Improbable Phrases

Who says that?


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Dinner and a Show

I went to see Wicked yesterday at the Oriental Theater with relatives. The whole thing was beautifully done, with a dragon above the curtain line, gears and wheels not just to move set pieces, but also as set pieces, lighting effects of all sorts, well choreographed dances and so on.  The music was fun, and the story was well told. I was a bit surprised that it ended with things so happy and perfect, but happy rather than sad is a good thing. 

The other part of the evening that was just as fun in a different way was the restuarant beforehand. We shared food and talked, and the girls made origami hats out of the second set of clean napkins that were brought out. They wore them for a picture. It was nice to catch up with them. 

So, yay for theater and for family.

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Sing for me, Christine

I went to see the Phantom of the Opera on Tuesday night. It was well done, the seats were good, and cheap too. But, I have to say that I am genuinely ambivalent about the play.

PROS:
I love live theater
It had amazing pyrotechnics, moving stage pieces….etc.
The costumes were so wild and colorful (I wanted one of Carlotta’s skirts, it would have gone perfectly with a white shirt/dress I bought with birthday money.)
The singers were very, very good
The dancers were also very, very good

CONS:
The story

Let’s be serious, folks. The main character is being emotionally manipulated, bordering on sexual abuse, by a man twice her age. Basically, what I am saying here is that the good people did a fabulous job with a play that I have content issues with. The thought of what it would be like (personally) to be harangued in such a fashion by someone in their 50’s made it impossible to swoon over this play. I was genuinely nervous through parts of it. I felt the same way when I went to see the movie version in a Goshen theater. (Anna? Was it you I hung onto whenever the Phantom popped up around corners to threaten Miss Daae?) It’s just  unsettling. Friggin’ evil  “angel of music.”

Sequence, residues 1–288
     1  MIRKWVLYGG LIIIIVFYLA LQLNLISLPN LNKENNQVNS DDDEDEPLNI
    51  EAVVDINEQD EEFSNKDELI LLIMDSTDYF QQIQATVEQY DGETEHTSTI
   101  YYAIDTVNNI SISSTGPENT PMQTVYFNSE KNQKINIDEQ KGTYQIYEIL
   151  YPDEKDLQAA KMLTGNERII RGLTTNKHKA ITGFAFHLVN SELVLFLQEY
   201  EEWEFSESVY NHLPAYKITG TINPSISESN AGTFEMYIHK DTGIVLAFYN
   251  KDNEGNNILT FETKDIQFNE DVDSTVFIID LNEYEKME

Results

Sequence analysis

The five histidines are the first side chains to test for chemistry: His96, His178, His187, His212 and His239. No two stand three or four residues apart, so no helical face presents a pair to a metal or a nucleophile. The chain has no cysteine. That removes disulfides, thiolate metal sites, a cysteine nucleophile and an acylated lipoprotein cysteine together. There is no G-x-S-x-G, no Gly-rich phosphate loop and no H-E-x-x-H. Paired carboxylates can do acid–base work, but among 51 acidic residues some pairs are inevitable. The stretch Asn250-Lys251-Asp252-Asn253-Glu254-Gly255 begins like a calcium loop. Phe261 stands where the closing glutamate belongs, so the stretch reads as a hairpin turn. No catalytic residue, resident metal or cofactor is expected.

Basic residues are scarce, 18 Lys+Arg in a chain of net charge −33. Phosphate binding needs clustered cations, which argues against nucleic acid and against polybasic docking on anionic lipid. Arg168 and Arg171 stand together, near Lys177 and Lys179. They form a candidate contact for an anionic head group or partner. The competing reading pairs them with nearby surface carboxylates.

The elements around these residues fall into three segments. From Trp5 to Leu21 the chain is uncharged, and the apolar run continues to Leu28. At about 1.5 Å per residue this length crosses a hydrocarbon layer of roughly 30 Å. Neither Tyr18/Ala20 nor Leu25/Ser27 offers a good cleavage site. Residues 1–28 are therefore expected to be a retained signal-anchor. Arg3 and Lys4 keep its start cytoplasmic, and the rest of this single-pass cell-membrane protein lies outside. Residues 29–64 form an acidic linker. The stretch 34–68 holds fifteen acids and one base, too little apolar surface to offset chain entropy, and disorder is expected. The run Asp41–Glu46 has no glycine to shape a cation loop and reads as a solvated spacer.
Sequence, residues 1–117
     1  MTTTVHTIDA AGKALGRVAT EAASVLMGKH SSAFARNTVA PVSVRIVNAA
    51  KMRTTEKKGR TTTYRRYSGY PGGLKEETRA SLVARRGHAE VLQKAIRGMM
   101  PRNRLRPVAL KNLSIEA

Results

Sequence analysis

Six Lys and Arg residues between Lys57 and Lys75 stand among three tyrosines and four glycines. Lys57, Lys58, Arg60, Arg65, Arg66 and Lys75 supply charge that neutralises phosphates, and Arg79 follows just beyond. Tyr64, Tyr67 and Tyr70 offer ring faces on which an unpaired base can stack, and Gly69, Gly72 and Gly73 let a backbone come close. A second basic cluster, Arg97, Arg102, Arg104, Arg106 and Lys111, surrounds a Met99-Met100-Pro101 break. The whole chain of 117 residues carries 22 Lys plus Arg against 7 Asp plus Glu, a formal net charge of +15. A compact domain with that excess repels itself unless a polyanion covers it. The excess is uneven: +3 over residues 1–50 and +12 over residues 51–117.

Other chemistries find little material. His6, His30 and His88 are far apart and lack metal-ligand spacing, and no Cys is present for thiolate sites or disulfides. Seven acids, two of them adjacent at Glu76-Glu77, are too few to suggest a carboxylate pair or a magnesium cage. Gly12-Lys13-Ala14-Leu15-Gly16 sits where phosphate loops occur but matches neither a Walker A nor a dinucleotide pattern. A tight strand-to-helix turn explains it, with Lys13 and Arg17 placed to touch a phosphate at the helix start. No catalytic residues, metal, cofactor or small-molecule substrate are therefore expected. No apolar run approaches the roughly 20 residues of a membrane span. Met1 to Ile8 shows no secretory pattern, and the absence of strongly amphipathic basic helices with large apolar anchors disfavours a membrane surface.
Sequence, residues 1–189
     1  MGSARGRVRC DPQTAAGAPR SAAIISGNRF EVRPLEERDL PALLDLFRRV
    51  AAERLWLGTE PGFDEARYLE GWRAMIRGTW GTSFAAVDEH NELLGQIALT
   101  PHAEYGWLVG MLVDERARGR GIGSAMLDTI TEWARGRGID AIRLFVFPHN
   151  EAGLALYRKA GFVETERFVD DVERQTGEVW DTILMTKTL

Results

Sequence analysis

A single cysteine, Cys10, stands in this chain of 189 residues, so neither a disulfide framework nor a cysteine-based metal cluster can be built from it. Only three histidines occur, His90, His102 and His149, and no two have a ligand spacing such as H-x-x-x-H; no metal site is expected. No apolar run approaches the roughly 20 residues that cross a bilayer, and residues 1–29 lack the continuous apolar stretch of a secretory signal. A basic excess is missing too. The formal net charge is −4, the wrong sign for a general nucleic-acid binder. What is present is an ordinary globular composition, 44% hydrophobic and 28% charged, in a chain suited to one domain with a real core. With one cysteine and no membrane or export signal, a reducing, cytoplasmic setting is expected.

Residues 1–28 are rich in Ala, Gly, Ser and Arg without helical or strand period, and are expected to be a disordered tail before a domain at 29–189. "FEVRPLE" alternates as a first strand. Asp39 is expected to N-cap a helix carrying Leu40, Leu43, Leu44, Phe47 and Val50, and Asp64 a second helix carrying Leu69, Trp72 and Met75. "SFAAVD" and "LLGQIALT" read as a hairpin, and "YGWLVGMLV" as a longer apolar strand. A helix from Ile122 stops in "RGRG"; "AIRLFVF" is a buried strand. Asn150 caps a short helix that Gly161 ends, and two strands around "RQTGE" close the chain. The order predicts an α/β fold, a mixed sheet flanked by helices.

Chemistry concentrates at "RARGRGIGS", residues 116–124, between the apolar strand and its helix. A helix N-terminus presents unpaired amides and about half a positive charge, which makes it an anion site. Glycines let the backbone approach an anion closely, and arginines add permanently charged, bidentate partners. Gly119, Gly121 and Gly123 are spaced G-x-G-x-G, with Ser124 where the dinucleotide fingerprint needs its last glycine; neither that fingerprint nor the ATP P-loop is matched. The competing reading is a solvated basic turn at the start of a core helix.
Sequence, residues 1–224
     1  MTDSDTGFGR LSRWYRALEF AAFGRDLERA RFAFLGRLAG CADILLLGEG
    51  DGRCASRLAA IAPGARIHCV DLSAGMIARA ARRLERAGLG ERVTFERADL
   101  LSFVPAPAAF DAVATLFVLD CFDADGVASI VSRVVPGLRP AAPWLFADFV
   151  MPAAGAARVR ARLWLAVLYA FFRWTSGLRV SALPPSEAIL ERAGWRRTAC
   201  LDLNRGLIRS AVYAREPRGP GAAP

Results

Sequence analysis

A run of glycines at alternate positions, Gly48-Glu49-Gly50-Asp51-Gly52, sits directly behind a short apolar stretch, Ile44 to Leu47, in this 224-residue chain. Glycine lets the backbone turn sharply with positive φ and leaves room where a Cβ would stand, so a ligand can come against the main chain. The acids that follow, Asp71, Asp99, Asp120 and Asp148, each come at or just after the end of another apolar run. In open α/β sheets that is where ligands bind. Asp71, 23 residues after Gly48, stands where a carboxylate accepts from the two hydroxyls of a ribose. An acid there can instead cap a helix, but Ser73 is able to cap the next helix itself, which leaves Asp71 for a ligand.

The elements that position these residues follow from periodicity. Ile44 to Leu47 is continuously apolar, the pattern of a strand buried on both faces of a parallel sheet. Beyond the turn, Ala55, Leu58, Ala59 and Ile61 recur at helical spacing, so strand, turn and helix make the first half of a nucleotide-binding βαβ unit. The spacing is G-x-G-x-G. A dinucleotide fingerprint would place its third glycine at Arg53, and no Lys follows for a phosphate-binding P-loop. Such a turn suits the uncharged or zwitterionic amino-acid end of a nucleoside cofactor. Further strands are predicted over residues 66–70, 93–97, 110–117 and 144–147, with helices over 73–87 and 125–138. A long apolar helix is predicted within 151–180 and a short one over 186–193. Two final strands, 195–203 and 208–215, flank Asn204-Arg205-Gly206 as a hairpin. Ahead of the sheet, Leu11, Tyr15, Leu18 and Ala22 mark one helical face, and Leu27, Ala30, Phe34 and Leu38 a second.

That said, what was the DEAL with French writers?!? This book that became the play was written around 1910,  the Hunchback of Notre Dame in 1831, and the oldest written version of Beauty and the Beast in 1740.  Basically 200 years of this creepy plot trope: shut-in deformed man and beautiful young virgin. Yes, clearly they go together. Like ham and eggs. Thank you for asking.

Sigh.

To my family: I am so excited to see you at the end of the week. Can we play Parcheesi when I come home?

I read:
Grab On to Me Tightly as If I Knew the Way by Bryan Charles (teen angst)
Passarola Rising by Azhar Abidi (first inventors of a flying machine, 1400’s)
Midwives by Chris Bohjalian (midwife may have killed her patient)
Book of Earth and Book of Water by Marjorie B. Kellogg (fantasy, dragons, etc., kind of slow)


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Pulling It Together

I think maybe I’m just tired, but honestly I feel like I haven’t done anything right in days. I’m really looking forward to having several days off from work. If I can sleep in, regroup and do some fun things, I think it’ll help.

High on my list of new, notable, or odd is:

1. My supervisor at Community Literacy is taking vacation right now. She only works Tuesday and Friday from November 12-December 3.  It only took two Mondays to figure this out. Why ON EARTH she’s doing that, I don’t know.